A federal appeals court in Philadelphia has sent the case of Kempis Songster, a 44-year-old man serving a life sentence without parole for a murder he committed when he was 15, back to the federal judge who previously ruled he was entitled to a new sentencing hearing. The movement in the case comes in the wake of two U.S. Supreme Court decisions: one banning mandatory sentences of life without parole for juveniles; the other Montgomery v. Louisiana , decided in January, which made that ruling retroactive.
NEWS
February 25, 2016 | By Andrew Seidman, TRENTON BUREAU
The New Jersey Supreme Court on Tuesday declined to grant parole to a 79-year-old man convicted in the 1973 murder of a state trooper, ruling that a lower court erred in endorsing his release without a full review by the state Parole Board. In a 4-1 decision, the high court reversed an Appellate Division ruling and ordered the Parole Board to conduct a full hearing to determine Sundiata Acoli's suitability for release. The court did not offer an opinion on his suitability, but handed down a narrow ruling on procedural grounds.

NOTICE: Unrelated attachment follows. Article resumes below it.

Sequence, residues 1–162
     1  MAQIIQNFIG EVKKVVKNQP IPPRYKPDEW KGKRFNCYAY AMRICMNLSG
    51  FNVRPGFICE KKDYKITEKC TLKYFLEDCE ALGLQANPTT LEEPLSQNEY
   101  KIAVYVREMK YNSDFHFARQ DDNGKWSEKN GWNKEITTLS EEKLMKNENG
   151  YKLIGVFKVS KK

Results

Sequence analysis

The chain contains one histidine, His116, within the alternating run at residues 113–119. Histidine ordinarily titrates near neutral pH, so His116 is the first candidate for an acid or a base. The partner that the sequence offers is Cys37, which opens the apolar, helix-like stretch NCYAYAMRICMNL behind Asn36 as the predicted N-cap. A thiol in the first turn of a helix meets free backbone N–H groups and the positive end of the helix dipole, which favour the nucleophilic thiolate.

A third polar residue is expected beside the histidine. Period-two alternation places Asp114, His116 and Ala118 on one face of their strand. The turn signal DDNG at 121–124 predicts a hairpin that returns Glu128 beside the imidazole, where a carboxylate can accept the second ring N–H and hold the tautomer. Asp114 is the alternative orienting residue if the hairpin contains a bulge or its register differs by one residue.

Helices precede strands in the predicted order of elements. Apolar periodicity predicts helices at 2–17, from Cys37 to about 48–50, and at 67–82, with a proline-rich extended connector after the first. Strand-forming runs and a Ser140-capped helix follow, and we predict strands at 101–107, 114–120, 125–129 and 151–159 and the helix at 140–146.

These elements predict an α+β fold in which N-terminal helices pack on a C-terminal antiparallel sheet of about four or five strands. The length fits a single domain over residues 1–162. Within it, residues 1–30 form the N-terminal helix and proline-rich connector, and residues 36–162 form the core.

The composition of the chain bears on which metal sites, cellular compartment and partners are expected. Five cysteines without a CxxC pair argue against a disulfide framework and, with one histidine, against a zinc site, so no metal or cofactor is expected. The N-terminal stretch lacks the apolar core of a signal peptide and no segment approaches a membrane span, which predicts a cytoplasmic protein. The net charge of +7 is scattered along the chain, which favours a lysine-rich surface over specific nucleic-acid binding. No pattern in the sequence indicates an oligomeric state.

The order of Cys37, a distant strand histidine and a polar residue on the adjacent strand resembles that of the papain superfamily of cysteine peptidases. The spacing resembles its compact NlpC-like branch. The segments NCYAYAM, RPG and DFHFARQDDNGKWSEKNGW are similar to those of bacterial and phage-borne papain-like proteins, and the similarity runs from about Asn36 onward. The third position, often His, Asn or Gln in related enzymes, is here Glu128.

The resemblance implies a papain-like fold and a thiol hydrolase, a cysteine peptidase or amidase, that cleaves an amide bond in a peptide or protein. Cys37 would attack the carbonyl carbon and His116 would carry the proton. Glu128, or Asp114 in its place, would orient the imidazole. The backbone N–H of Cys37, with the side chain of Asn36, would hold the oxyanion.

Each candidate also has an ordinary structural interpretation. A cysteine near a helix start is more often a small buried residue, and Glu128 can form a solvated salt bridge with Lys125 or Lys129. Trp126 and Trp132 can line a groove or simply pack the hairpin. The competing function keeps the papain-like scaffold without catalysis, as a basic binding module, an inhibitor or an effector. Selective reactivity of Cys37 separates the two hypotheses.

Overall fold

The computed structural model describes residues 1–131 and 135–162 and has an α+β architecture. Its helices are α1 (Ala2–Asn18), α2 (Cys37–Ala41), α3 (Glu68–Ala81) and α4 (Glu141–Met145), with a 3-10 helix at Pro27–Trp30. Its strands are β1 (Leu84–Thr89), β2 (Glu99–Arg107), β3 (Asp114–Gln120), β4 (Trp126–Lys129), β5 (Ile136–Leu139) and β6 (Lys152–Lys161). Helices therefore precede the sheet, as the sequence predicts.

NEWS
February 8, 2016 | By Amy S. Rosenberg, Staff Writer
Looking back from his Graterford cell at that kid, that volatile 15-year-old about to bolt for Philly and a job selling cocaine from a fortified rowhouse, the adult Kempis Songster typed a desperate plea to his younger self. So, I'm sending this letter across time to tell you plainly and urgently, don't do it. I'm telling you what I know. I have been trapped for the past 27 years from something unimaginable that you will do four months after you make the decision you're about to make.
NEWS
February 6, 2016
Rafael Robb, the former University of Pennsylvania professor sentenced to five to 10 years in prison for killing his wife in their Upper Merion home in 2006, is again coming up for parole - and stirring a new round of opposition. Ellen Gregory Robb's family members, who have successfully argued in the past to reverse a parole board decision to release Robb, plan to renew their concerns in a meeting with the board next Tuesday. "We will collectively show that Robb remains controlling, manipulative, and unremorseful for his horrific actions," her brother Gary Gregory said in a statement Thursday.
1 | 2 | 3 | 4 | 5 | Next »
|
|
|
|
|